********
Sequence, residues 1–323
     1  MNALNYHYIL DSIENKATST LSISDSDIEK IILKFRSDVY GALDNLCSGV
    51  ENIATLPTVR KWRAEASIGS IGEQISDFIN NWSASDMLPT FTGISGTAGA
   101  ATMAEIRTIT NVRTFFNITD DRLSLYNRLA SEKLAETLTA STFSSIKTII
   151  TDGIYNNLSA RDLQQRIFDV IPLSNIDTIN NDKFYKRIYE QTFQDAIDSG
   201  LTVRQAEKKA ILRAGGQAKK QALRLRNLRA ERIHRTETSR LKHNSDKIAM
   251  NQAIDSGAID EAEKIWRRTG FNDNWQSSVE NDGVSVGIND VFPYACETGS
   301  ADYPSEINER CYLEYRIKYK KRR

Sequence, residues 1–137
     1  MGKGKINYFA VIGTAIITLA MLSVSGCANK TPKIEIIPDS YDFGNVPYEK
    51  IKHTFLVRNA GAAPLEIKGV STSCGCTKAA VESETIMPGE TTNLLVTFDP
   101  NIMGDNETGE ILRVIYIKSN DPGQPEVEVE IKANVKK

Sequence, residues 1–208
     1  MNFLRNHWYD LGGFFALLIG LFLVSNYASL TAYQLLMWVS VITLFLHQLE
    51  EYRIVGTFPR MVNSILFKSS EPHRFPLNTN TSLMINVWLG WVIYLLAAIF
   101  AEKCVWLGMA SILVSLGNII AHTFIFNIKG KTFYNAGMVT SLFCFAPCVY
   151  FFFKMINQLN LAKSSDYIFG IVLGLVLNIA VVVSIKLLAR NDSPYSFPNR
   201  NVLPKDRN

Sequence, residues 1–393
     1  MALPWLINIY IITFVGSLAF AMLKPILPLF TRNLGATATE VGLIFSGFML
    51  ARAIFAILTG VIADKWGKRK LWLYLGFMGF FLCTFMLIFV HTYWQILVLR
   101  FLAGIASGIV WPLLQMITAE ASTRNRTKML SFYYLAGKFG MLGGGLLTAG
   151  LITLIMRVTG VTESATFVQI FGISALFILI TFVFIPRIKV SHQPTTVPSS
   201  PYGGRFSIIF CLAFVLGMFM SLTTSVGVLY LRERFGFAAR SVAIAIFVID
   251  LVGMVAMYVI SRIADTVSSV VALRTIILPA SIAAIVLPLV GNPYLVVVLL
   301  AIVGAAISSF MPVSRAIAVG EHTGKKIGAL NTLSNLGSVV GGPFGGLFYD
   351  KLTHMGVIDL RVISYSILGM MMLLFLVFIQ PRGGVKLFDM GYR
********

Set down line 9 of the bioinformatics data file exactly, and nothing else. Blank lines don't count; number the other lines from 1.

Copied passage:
Sequence, residues 1–137